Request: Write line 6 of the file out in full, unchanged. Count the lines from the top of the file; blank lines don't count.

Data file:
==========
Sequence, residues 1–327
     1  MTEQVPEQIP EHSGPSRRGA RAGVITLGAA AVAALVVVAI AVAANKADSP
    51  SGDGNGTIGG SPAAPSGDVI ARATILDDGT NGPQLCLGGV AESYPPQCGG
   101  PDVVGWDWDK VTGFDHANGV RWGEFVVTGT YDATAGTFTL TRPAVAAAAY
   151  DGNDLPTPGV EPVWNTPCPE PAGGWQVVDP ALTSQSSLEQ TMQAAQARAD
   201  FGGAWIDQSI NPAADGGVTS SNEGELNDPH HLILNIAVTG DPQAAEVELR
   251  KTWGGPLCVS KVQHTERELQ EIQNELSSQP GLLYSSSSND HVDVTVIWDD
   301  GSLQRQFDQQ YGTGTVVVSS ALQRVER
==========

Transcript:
   201  FGGAWIDQSI NPAADGGVTS SNEGELNDPH HLILNIAVTG DPQAAEVELR